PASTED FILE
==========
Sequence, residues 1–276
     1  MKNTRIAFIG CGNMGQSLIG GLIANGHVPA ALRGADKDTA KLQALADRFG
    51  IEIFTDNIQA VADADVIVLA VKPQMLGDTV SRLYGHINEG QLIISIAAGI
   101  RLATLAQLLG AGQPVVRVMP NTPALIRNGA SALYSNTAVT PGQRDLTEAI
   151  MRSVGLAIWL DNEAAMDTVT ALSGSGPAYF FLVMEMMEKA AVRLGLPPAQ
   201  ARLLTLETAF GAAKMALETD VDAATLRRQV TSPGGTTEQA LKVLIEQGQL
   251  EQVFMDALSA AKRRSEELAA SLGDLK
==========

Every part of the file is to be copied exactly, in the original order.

Sequence, residues 1–276
     1  MKNTRIAFIG CGNMGQSLIG GLIANGHVPA ALRGADKDTA KLQALADRFG
    51  IEIFTDNIQA VADADVIVLA VKPQMLGDTV SRLYGHINEG QLIISIAAGI
   101  RLATLAQLLG AGQPVVRVMP NTPALIRNGA SALYSNTAVT PGQRDLTEAI
   151  MRSVGLAIWL DNEAAMDTVT ALSGSGPAYF FLVMEMMEKA AVRLGLPPAQ
   201  ARLLTLETAF GAAKMALETD VDAATLRRQV TSPGGTTEQA LKVLIEQGQL
   251  EQVFMDALSA AKRRSEELAA SLGDLK